In his groundbreaking book The Gospel Sound (Good News and Bad Times, revised and updated Limelight Editions, 1985, still the only decent book on the subject) author Anthony Heilbut divides the Gospel sound into to three major groups, the solo singers, usually female best exemplified by the big voiced contraltos like Mahalia Jackson and Marion Williams, choirs such as New York's famed Abyssinian Baptist Choir, the Edwin Hawkins Singers (who scored maybe the only real gospel pop hit with "Oh Happy Day), etc. and the quartets (which usually have five members but all gospel singing groups are called quartets) like the Golden Gate Quartet, Dixie Hummingbirds (middle clip), 5 Blind Boys Of Alabama (top clip), Pilgrim Travlers, the Soul Stirrers (where Sam Cooke first came to national attention, heard here in a church rattling live rendition of "Nearer To Thee" from the Shrine Auditorium Concert in '53), the Swan Silvertones, et. al.
There are performers who don't fit into the above categories like the Staple Singers, female groups like the Ward Singers, and my favorite, the guitar Evangelists.
One thing they all have in common is they developed in the Holiness In God Church Of Christ also known as the Sanctified Church where music is extremely important and folks "fall out" (lose control of their brains) and often speak in tongues. The white branch of the HIGCOC are often called Holy Rollers for this reason. Elvis is just one white rocker with such a background.
Hardcore gospel fans usually prefer the big voiced female singers whose art is
comparable to opera singing in the level of physical difficulty although unlike oper, gospel singing usually involves a great degree of improvisation. Anyone who has heard Clara Ward sing "When I Get Over" understands that Aretha Franklin (just voted by the ever irrelevant Rolling Stone magazine the all time greatest pop singer) has not an original cell in her large body. Every nuance, every vocal trick and aside that makes Aretha a star was copped from Clara Ward (who also influenced Little Richard in a very different way, check out the Ward Singers' "Packin' Up" to hear where Richard's "wooo" came from).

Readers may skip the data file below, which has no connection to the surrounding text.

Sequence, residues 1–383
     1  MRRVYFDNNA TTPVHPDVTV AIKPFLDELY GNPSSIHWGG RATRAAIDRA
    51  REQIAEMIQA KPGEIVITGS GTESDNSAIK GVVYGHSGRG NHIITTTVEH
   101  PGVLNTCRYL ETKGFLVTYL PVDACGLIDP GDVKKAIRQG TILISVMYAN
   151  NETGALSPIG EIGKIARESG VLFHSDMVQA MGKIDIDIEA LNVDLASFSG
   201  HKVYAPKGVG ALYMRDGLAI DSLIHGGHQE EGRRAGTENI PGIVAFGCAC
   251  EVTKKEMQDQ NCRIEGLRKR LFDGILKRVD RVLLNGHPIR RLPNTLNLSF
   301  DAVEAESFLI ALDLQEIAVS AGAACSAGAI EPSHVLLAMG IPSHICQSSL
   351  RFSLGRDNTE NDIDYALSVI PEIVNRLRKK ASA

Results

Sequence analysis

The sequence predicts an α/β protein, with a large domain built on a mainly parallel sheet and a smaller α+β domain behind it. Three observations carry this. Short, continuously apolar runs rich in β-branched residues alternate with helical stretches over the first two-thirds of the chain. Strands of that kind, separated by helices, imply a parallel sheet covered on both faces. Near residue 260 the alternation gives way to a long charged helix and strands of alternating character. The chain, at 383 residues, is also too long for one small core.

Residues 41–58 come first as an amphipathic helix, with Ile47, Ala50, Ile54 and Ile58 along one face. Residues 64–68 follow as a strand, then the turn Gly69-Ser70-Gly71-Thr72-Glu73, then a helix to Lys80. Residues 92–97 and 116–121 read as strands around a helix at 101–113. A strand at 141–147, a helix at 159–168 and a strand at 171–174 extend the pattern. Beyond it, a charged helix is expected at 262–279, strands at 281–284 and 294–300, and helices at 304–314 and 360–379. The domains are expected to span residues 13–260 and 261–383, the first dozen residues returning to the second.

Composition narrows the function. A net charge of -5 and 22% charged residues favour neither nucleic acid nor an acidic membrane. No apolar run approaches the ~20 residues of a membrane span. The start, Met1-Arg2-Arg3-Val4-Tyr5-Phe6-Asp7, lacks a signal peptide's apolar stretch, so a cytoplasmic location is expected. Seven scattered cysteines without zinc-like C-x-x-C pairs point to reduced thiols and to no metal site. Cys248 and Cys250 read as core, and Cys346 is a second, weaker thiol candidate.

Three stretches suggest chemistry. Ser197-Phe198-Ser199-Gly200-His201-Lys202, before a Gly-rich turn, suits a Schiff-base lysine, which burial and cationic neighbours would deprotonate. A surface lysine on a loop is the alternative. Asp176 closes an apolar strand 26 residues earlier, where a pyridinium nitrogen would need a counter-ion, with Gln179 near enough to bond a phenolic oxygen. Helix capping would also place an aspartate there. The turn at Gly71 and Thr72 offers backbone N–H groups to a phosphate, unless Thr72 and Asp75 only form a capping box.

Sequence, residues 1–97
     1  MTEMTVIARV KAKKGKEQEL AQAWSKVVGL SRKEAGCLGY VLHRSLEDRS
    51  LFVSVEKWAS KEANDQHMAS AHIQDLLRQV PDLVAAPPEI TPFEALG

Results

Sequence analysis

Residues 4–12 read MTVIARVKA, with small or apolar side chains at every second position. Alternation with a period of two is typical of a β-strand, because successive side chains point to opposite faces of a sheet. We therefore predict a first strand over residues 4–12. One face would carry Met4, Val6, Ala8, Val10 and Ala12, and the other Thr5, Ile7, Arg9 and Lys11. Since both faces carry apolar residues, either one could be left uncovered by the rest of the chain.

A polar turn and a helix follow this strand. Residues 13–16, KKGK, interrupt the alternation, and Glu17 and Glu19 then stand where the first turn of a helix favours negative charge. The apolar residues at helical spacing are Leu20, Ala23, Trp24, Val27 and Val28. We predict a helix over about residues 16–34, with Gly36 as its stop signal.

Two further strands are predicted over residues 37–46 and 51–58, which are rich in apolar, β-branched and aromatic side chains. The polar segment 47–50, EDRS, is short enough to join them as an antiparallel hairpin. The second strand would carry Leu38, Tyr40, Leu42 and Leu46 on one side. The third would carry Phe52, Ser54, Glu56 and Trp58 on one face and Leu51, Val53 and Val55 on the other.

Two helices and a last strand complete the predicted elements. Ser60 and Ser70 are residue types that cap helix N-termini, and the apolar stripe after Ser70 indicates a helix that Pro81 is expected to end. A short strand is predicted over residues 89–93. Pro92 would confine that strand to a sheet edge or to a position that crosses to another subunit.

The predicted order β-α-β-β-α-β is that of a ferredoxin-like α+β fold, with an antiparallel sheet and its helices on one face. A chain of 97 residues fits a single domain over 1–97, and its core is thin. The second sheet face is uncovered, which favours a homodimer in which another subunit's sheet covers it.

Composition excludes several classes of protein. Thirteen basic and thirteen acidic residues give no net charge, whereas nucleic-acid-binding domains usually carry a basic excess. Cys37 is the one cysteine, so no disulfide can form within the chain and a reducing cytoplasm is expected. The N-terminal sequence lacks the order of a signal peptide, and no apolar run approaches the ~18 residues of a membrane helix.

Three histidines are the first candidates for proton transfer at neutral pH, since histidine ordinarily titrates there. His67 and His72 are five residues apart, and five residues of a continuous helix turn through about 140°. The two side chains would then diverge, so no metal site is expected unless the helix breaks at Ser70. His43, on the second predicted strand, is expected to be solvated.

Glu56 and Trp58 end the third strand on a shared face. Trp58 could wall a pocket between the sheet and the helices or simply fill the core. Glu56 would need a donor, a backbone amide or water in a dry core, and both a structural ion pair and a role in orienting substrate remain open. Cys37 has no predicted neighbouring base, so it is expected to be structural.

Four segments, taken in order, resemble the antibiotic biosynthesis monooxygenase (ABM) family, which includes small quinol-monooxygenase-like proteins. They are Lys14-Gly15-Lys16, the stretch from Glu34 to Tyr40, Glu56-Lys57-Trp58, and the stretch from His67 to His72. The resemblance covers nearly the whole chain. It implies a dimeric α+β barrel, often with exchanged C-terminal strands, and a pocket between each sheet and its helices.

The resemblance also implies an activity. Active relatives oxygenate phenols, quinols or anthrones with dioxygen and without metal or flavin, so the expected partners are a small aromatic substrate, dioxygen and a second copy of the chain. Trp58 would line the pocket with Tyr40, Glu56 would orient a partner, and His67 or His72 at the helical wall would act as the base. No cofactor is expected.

Record companies started recording gospel music almost as soon as they started recording and singing preachers and guitar Evangelists as well as jubilee style groups were among the first "race" records issued.
Columbia had a winner on their hands with Blind Willie Johnson, whom they recorded from 1927-30, a street singer and great slide guitar player who would come to the attention of white folks when Sam Charters devoted a chapter to him in his groundbreaking 1959 book The Country Blues (revised edition De Capo, 1975).
I first heard him on the Folkways compilation LP that was issued as a companion to the book. It was said a cop arrested him for trying to incite a riot by singing "If I Had My Way, I'd Tear This Building Down" on a Dallas street. Ry Cooder practically made a career out of rehashing Johnson's ethereal "Dark Was The Night, Cold Was The Ground", one of the true masterpieces of slide guitar playing. Johnson's music is easy to find, Sony has a two cd set of his complete works and Yazoo has a nice collection which last time I looked could be found here. Johnson's collection of voices, from a the gruff, throat full of broken glass heard on "If I Had..." to a fluttering falsetto, show an instrument every bit as sensitive as his heralded guitarmanship.
Another favorite from the scratchy old 78 collection is under the nome du disc Black Billy Sunday (real name: Dr. J. Gordon McPherson) whose 1931 session for Paramount produced this masterpiece--"This Ole World's In A Hellava Fix". It's the kind of record that is always timely.
It was said that this was Hank Williams' favorite, the Guitar Evangelist (aka Rev. Edward W. Clayborn) 1927 Vocallion recording of "Death Is A Dream". Good enough for Hank, good enough for the Hound.
I have no idea who the 2 Gospel Keys were but they made two of the greatest records I've ever heard. "I Don't Feel At Home In This World Anymore" and "You Got To Move" (which the Stones' covered using Mississippi Fred McDowell's version as their template) capture the sound of the Holiness church in all it's earthly glory. It's enough to get you saved, or at least shaved. They recorded for New York's Apollo label in 1948, then went back to church and never recorded again.
Rev. Anderson Johnson was from Miami, Florida and issued his own discs on his Glory label. He was a rockin' electric guitarist and had a declaiming style of singing
that added a touch of humor to his rockin' electric sermons. My favorite is this one,
"God Don't Like It"(especially the apology at the end) and also his version of "Let That Liar Pass On By" which bears no small resemblance to Ray Charles' hit "Leave My Woman Alone".
Rev. Utah Smith was from New Orleans where he ran the Two Wings Temple branch of the Holiness Church. He recorded these two songs twice each, and each version was issued on two different labels. Maybe he was also into numerology?
It matters not, but "Two Wings" and " Take A Trip (Gospel Ship)" are two of the greatest post-war guitar Evangelist recordings, both recorded in '53 these versions were on the Kay-Ron label.